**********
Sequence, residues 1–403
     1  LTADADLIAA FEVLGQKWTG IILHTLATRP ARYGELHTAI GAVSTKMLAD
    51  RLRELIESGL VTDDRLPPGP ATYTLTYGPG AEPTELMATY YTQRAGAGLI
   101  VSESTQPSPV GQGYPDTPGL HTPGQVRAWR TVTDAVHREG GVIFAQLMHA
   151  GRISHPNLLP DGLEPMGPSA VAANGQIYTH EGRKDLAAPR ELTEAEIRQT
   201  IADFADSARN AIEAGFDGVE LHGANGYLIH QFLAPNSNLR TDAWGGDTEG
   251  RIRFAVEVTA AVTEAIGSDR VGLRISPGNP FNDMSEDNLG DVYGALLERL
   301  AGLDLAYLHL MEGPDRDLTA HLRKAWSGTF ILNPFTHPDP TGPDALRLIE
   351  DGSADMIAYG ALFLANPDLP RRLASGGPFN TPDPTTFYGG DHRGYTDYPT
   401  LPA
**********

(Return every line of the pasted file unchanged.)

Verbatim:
Sequence, residues 1–403
     1  LTADADLIAA FEVLGQKWTG IILHTLATRP ARYGELHTAI GAVSTKMLAD
    51  RLRELIESGL VTDDRLPPGP ATYTLTYGPG AEPTELMATY YTQRAGAGLI
   101  VSESTQPSPV GQGYPDTPGL HTPGQVRAWR TVTDAVHREG GVIFAQLMHA
   151  GRISHPNLLP DGLEPMGPSA VAANGQIYTH EGRKDLAAPR ELTEAEIRQT
   201  IADFADSARN AIEAGFDGVE LHGANGYLIH QFLAPNSNLR TDAWGGDTEG
   251  RIRFAVEVTA AVTEAIGSDR VGLRISPGNP FNDMSEDNLG DVYGALLERL
   301  AGLDLAYLHL MEGPDRDLTA HLRKAWSGTF ILNPFTHPDP TGPDALRLIE
   351  DGSADMIAYG ALFLANPDLP RRLASGGPFN TPDPTTFYGG DHRGYTDYPT
   401  LPA